In late January (as has been reported elsewhere), six residents of the St. Tropez condominium located on Manhattan's Upper East Side, filed a lawsuit against two board members of the association stemming from a rooftop facade collapse on December 7, 2015. The incident resulted in hundreds of bricks falling over 30 stories, and caused the evacuation of both the St. Tropez and a neighboring building, as well as the closure of five city blocks for nearly a week.
The suit alleges that despite “the threat of public safety and to the unit owners” presented, then-president Christopher Klein and then-vice president Sandeep Patel “failed to take any concrete steps to repair the facade collapse,” regardless of ongoing terrace and pool closures and an incident last August when a brick fell from the rooftop onto a parked car below. Claimants say that outside of emergency repairs ordered by the Department of Buildings immediately after the collapse, the facade problems went largely unaddressed while Klein and Patel allegedly went forth with a “complete gut renovation” of the lobby and a social room.
Since the ensuing collapse, the board has reportedly assessed its owners for some $6.8 million; Klein and Patel resigned from the board last December (they have not responded to media requests for comment). According to reports, no further progress regarding facade repair has since been made.
Legal Eagles Weigh In
Attorney T. Austin Brown with The Austin Brown Law Firm in New York City says that he has seen this type of “dangerous neglect” at residential properties of all stripes. But “in the case of condos, the boards are often unincorporated associations, which makes laying the blame a more interesting game.”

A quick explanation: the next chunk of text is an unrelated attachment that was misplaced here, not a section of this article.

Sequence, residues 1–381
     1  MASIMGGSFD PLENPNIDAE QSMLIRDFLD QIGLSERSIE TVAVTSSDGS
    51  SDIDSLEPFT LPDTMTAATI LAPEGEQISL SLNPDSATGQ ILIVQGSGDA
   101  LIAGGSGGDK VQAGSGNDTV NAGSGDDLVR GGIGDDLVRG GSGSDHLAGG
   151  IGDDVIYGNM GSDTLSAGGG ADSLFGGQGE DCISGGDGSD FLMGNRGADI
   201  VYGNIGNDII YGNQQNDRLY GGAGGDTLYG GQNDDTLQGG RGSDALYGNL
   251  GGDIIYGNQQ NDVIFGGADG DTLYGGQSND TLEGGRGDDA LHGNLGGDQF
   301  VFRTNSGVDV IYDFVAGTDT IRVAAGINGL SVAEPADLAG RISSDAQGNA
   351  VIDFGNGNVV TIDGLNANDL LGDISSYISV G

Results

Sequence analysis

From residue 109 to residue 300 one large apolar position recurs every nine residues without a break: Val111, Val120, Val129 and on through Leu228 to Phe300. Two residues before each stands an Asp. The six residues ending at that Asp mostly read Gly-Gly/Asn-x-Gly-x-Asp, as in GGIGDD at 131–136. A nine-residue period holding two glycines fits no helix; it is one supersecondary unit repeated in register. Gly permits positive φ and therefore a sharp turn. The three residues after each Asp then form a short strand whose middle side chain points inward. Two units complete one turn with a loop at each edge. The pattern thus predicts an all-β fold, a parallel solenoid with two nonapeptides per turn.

“I'm currently dealing with two cases involving leaking roofs that damage the buildings' top-floor apartments every time it rains,” Brown relates. “This is caused by the natural deterioration of the parapet wall, but the board or majority owners refuse to authorize payment or permits for anything more than re-tarring the roof. These cases can get frustrating because in some scenarios, agreements between owners and the board limit the right to sue. In general, potential buyers should be careful when purchasing, as sometimes a too-good-to-be-true monthly common charge is due to a board hesitant to spend money on repairs. And a board in turn should be aware that its failure to commit to essential repairs could lead to serious liability issues.”
But Thomas D. Kearns, a partner with NYC-based law firm Olshan Frome Wolosky LLP cautions against reading too much into the allegations at the St. Tropez.
“As the only public document right now is the complaint, we only hear one side,” he warns. “The board will no doubt use the business judgment defense on the merits of the case. The plaintiffs are likely using the allegations about the facade to get attention, as the complaint itself merely seeks a special meeting of the unit owners. [ed. Plaintiffs allege that they have, in accordance with the bylaws of the condominium, presented a petition with more than the necessary 25 percent in common interest required to hold a special meeting on the facade issue, but say they have been summarily ignored by respondents.] It's garden-variety corporate control litigation. Most condo and co-op charters permit a minority group – usually 25 percent – to call a special meeting."
“The real issue in these disputes is the Wild West of proxy solicitation, where neighbors ring doorbells to get proxies to petition for and attend these meetings,” Kearns continues. “Unit owners often don't understand what they are signing, or don't educate themselves about the issues facing the building.”
More to come on this case as it develops. Until then, stay on the lookout for falling bricks.
Mike Odenthal is a staff writer at The Cooperator.